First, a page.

This is the first of a two-part blog series on the interaction of one person’s Will with another person’s Will (We will capitalize the word “Will” as a noun to differentiate it from the verb “will” to help avoid confusion). One of the most frequently asked questions we get regarding a person’s Will is how it might interact with someone else’s Will. This recently came up in the following scenario we will detail.
Example of How Wills Interact
First, a little diagram about the family:
Mother, Son, Grandson, and Granddaughter. In the beginning, all four are living.
- Mother’s Will leaves her entire estate to Son.
- Mother’s Will also directs that if Son predeceases her, the estate is to be divided among Son’s two children, Granddaughter and Grandson.
- Son’s Will gives his entire estate to granddaughter, disinheriting Grandson.
Then, Son dies first. Two years later, Mother dies. The question from Granddaughter: “Does Son’s Will (her father’s Will), which disinherits Grandson, act to also disinherit Grandson from Mother’s Will and estate?” Her thought is that the only reason Grandson might get anything from Mother’s estate is because Son died before Mother. And to her, that is not fair.
There are two possible outcomes:
- If Son’s Will acts to disinherit Grandson from Mother’s Will, then Granddaughter receives the full estate from Mother, as that is what would have happened if Son survived Mother, and on Son’s later death his estate would pass entirely to Granddaughter.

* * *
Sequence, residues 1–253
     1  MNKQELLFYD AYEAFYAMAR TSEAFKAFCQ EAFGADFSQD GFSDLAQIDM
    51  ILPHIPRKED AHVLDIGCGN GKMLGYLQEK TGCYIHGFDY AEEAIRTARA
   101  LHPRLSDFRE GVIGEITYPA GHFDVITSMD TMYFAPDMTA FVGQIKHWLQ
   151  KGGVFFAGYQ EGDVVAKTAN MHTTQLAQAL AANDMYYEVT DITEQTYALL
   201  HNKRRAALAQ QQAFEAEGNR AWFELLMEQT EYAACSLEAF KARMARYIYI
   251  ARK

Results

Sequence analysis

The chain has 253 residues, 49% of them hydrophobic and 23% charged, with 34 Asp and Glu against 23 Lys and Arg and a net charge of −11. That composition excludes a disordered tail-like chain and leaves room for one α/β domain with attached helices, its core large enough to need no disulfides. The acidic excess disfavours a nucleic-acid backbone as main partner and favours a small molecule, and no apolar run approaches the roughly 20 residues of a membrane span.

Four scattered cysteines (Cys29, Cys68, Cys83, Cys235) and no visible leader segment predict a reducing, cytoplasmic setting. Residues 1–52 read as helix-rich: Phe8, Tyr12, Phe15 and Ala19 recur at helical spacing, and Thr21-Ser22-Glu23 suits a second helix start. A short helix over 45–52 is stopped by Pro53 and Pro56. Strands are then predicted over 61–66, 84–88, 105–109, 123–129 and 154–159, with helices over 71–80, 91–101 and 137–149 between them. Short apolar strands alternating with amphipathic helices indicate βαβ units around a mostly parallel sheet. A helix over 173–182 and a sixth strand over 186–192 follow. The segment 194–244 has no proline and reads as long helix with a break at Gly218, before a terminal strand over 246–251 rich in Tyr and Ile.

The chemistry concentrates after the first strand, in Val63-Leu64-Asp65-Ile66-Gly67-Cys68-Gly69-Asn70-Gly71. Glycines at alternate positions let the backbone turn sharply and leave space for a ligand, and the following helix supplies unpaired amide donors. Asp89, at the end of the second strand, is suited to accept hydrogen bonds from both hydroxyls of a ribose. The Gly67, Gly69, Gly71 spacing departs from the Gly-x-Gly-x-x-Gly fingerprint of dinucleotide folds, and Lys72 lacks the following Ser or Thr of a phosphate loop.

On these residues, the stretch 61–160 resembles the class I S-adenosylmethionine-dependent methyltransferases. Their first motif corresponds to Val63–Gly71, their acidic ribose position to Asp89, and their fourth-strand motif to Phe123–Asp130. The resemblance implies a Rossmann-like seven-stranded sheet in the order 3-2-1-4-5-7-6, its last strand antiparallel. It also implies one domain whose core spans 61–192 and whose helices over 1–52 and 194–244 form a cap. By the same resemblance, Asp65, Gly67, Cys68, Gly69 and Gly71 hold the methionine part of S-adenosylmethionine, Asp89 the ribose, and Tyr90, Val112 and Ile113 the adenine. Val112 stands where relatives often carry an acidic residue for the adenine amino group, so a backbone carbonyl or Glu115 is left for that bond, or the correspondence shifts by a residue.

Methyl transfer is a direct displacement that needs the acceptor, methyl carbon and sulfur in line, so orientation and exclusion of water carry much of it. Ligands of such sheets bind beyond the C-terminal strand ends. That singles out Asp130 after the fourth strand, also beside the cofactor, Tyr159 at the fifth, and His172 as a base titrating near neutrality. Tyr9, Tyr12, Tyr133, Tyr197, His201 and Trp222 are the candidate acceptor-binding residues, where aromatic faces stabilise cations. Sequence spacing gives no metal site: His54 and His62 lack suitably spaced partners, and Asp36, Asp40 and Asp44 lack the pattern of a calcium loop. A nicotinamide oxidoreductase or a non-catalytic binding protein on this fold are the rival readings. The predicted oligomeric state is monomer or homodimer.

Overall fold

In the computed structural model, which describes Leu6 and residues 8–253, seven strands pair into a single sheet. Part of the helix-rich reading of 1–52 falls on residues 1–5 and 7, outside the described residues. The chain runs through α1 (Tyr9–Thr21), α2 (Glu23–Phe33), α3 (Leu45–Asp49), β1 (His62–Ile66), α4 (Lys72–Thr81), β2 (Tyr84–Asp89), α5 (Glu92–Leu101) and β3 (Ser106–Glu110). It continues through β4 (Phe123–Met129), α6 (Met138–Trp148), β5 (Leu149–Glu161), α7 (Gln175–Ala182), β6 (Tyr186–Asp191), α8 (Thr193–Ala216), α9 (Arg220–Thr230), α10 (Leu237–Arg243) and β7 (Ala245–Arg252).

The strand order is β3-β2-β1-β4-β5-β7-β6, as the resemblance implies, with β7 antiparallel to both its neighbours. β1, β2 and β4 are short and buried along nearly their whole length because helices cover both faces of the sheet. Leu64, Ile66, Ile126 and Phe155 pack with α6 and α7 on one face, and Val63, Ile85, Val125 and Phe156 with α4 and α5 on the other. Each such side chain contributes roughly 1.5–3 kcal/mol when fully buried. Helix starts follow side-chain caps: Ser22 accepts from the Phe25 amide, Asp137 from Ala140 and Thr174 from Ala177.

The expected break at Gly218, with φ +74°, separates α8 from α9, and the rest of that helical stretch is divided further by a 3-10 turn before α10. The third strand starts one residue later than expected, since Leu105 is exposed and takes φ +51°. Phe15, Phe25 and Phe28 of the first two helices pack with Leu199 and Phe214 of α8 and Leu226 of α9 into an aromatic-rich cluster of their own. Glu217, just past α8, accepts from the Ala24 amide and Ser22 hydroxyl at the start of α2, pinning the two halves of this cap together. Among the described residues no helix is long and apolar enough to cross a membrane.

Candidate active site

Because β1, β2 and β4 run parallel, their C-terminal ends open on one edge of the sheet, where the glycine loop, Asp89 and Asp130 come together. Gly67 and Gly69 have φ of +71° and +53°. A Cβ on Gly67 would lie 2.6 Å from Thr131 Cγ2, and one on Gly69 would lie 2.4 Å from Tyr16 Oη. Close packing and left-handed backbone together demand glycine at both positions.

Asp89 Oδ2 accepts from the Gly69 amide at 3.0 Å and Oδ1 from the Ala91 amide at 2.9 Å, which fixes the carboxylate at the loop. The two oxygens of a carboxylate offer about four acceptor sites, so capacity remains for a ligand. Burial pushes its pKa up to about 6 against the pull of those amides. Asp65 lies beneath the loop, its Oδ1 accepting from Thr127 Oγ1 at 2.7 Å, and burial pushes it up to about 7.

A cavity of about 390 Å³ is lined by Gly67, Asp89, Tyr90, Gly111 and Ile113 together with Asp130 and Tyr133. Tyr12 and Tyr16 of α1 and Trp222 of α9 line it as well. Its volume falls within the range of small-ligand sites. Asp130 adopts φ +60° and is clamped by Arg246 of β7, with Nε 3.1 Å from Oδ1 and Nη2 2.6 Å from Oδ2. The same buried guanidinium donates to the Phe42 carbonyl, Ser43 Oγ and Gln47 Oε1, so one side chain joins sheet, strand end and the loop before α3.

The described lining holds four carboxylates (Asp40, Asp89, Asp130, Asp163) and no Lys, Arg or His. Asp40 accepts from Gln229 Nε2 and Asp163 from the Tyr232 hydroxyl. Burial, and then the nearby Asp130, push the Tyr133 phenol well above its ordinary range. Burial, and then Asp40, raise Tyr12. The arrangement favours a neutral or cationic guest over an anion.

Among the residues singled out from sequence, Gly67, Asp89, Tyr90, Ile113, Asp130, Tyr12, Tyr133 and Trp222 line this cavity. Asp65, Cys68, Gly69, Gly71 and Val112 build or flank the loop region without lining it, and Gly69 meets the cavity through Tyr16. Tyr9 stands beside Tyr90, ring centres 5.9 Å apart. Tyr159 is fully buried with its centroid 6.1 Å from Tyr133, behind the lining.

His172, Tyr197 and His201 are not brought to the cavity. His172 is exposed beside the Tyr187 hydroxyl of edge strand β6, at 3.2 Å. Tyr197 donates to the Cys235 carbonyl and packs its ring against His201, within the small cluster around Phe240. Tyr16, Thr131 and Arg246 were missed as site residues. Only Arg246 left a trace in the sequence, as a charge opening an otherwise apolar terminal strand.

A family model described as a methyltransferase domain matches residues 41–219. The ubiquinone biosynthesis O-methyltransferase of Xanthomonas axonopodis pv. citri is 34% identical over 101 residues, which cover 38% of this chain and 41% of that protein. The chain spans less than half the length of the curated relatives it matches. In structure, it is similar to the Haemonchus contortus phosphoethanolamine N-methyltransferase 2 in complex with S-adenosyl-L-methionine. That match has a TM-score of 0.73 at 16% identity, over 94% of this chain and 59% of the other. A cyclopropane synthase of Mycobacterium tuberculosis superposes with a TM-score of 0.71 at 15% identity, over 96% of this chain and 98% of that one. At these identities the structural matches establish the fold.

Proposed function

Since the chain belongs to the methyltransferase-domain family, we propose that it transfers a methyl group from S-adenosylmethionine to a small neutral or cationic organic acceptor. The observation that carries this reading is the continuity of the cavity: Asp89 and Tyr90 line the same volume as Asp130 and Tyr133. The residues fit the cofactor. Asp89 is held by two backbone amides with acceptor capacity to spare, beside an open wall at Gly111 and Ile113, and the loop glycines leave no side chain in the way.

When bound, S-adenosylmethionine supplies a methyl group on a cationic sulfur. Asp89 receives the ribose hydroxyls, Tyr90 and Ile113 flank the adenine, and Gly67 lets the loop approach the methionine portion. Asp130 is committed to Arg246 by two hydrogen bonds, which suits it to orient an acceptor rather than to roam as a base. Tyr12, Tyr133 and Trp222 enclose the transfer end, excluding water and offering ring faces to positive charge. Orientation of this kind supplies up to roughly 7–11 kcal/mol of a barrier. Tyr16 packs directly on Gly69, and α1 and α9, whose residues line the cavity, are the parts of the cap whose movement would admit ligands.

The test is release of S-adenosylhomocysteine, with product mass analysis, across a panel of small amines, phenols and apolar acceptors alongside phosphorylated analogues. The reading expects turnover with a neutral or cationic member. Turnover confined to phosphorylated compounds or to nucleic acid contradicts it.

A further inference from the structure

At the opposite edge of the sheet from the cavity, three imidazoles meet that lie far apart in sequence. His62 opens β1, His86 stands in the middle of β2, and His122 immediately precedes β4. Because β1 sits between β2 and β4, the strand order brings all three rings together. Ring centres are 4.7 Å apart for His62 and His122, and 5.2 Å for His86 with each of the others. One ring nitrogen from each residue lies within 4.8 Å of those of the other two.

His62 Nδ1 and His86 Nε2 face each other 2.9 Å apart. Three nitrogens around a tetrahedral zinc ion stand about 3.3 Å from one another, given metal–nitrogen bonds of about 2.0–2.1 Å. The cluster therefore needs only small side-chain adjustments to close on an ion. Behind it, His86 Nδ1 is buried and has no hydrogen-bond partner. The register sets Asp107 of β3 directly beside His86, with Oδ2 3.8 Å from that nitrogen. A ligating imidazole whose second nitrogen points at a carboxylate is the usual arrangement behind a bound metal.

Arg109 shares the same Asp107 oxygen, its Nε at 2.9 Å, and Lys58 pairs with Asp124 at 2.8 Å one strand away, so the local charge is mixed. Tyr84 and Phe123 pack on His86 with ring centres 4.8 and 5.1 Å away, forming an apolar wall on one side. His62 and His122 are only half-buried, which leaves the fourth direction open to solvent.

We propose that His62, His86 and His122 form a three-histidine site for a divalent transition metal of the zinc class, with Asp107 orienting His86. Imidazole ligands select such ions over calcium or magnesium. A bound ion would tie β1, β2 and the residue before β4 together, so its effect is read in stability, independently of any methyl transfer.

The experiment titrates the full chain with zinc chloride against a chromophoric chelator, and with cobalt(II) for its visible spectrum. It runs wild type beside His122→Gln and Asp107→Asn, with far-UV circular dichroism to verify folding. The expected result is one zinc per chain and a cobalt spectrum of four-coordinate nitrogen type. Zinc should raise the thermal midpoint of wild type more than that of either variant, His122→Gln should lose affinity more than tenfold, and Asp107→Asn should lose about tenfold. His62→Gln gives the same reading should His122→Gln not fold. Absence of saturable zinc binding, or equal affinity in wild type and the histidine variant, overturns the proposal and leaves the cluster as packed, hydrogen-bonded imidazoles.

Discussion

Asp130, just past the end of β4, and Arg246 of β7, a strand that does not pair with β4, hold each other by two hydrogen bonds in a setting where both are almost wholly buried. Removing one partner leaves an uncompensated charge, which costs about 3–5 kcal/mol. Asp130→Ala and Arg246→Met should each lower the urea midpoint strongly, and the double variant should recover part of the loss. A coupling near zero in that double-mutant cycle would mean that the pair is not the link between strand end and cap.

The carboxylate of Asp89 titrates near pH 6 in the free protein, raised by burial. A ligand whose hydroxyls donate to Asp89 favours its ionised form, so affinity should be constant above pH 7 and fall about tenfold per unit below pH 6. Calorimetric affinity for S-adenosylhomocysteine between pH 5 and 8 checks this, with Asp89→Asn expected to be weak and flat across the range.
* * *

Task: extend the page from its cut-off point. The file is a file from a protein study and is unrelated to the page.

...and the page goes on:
- If Son’s Will does not disinherit Grandson from Mother’s Will, then Grandson and Granddaughter equally split the share that would have gone to Son, their father, if he had survived his Mother.
The answer to this question is “NO” – Son’s disinheritance of Grandson does not affect the distribution of Mother’s estate per her Will. Mother’s Will and Son’s Will each stand on its own, without any interaction with the other’s Will.
Result of This Scenario
Mother’s Will stands on its own, as does Son’s Will. Son’s Will disinheriting Grandson has no control or bearing on how Mother’s Will allocates her estate assets. Maybe Mother disagrees with Son’s decision to disinherit Grandson. Maybe Mother wants Grandson to receive a portion of her estate at her death. Presumably, Mother is aware that Son predeceased her. If desired, she could have revised her Will to exclude Grandson. But she didn’t.
It does not matter in any way that if the order of their deaths had been reversed (if Mother had died first and Son died later), that Grandson would not have received anything from Mother’s estate at Son’s later death because Son had disinherited Grandson from his own estate.
The result of this situation is that Granddaughter equally shares Mother’s estate with her brother, Grandson.
Learn More About How Wills Work
Next week, we will look at a similar situation, but from a different angle. In that edition, we will look at the Wills of a married couple and how the Will of the first of the spouses to die impacts the Will of the second spouse to die.
If you have a question or concern regarding your or a loved one’s will, contact our estate planning lawyers for help.